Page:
I’d like to see the current coin replace images of obscure presidents and instead embrace the Lady Liberty image from the reverse as the obverse. The reverse could use the same state images as on the recent series of quarters. That would feel like a real dollar coin to me, as would simply using the image of George Washington as on the dollar bill.
People already have the option of using dollar coins if they want to, at least in transit systems that were smart and made their machines accept them. If using paper dollars adds to the cost of each transaction then why don’t you just penalize people who use them by taking a few cents off each paper dollar they put in? Then those who choose to switch to coins will be rewarded while those who wish to continue with paper can still do so but must “pay extra” for the “luxury” of not having to carry five pounds of coins with them everywhere.
You could just provide a separate machine for those who want to pay only with coins–a sort of “express” vending machine–but I have a feeling that it would be a very small minority of ticket purchasers who would choose to do so, and in that case it would be extra expense for very little benefit. I don’t think I’ve ever bought tickets from a machine using any coins at all, just cash or credit, and that’s probably the case for most people.
But in any event, I fail to see how this is such a pressing issue for transit systems that we need to even consider banning the use of paper dollars. I think it would make much more sense to focus on payment system optimization and standardization, like you’ve done in previous posts, as then more people would be able to just put money on their transit card once in a while–even at home–and then use it for whatever transit system they want, and not have to worry about feeding a machine, or at least have to worry less often.
Perhaps legislation is in order requiring that vending machines accept the coins? (There are good reasons why the old silver dollar and the 50-cent piece aren’t generally accepted; they’re huge). Start with new mechanisms, and then eventually require existing machines be upgraded.
As far as customers who don’t want dollar coins–perhaps vendors can tell ’em “its this or nothing”. After all, the definition of “legal tender” means that a creditor MUST accept it in payment of a debt or the debt is cancelled…
Interesting: you feel that the Susan B. Anthony dollar was “too small”, while the current coins “have the right size”. They are exactly the same size.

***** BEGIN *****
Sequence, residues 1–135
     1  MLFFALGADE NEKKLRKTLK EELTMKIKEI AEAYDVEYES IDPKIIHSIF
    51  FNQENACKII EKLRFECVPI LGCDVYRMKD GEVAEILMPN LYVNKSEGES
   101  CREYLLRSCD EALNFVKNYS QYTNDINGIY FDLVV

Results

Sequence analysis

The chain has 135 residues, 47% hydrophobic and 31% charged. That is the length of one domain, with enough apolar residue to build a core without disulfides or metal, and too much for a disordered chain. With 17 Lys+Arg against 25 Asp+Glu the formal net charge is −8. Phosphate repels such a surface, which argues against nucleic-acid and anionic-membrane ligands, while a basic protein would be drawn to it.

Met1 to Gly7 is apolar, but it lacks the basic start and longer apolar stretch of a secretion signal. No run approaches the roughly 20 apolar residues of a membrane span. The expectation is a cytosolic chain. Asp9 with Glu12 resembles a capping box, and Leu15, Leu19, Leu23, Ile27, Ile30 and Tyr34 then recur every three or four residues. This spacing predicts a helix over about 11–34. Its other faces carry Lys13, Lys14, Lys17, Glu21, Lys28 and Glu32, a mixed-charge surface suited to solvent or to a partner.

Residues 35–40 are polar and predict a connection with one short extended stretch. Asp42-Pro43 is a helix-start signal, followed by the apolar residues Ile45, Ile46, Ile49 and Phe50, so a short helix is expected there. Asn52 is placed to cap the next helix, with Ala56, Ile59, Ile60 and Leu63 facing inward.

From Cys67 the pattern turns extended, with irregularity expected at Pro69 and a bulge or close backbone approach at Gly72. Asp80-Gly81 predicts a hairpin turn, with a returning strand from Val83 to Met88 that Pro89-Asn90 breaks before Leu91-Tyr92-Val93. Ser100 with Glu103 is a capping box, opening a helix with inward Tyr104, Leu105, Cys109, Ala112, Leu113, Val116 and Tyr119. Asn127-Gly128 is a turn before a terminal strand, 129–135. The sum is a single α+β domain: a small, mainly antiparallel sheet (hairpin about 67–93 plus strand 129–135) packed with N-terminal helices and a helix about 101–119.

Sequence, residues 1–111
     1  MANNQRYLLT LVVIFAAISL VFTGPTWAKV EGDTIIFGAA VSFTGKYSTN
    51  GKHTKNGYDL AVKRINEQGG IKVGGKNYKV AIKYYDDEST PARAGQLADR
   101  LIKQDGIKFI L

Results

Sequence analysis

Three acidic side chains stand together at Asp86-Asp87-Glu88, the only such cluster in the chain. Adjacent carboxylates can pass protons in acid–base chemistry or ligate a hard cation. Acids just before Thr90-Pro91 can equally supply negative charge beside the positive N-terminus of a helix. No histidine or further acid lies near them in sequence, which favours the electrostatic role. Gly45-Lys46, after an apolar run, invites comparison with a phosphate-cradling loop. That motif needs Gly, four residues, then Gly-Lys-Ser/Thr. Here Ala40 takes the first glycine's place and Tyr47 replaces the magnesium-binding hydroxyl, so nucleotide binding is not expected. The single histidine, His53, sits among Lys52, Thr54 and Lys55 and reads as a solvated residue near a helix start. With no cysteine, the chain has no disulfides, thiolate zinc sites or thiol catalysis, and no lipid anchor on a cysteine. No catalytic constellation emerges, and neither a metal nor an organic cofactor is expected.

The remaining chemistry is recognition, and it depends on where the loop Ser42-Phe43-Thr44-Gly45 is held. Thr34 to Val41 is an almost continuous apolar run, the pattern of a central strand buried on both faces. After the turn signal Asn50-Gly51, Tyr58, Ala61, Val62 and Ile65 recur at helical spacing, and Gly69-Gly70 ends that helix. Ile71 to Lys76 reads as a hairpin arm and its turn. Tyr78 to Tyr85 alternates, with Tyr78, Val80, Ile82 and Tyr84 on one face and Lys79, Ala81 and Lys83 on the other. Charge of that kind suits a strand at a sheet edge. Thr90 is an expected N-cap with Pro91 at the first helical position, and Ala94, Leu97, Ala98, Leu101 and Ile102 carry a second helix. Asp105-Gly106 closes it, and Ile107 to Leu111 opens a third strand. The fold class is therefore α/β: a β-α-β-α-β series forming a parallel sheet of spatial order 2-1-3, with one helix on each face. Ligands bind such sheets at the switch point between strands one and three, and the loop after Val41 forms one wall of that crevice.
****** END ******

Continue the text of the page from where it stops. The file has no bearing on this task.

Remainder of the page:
The problem was that the Anthony dollar was not easy to distinguish from a quarter, by size or appearance. Making the coins a different color seems to have largely fixed that.
The Anthony dollar was originally supposed to have a significantly different shape from a quarter, but vending machine makers complained that their machines could not easily take coins that would not roll, which necessitates coins that are round.
My mistake, the payment system optimization and standardization debate was over at Second Ave. Sagas. All you transit blogs look alike…
US Mint website says it will pay for shipping and handling for “circulating” $1 coin orders within the US. So yeah… you pocket the credit card rebate. But yeah… it’s a lot of work to earn $5.
This reminds me of the time when IKEA USA tried to implement a “no checks” policy and ended the campaign after only 3 weeks (around 2003 or 2004 I want to say but not quite sure). IKEA wanted to reduce the time it takes to process a transaction at the cash register (and therefore in theory, reduce the staffing needs) so it put up signs at its stores saying personal checks will no longer be accepted after XX date. They even printed a pamphlet educating customers on how to apply for an ATM card from customer’s bank. After about 3 months of awareness campaign in-store and 3 weeks of implementation, IKEA decided to pull the plug because too many of its customers do not have credit or ATM cards… and a good portion that do have ATM cards insisted on paying with a check.
If you’ve been on the Metro in the D.C. area recently, you’ll notice a lot of posters promoting dollar coins (along with the other not-for-profit ads). I assume Metro vending machines and Metrobus accept dollar coins but frankly I don’t use cash at all on transit, I’ve never seen a bus rider not whip out a card or bill, and the only place I’ve ever gotten dollar coins is from the post office.
Taking the SF example, perhaps this is well timed to coincide with the new $2 Muni fare?
The only way this can work is if the government mandates it. Individuals can’t really change this – and I say this as someone who sometimes requests dollar coins, finding them more convenient than bills.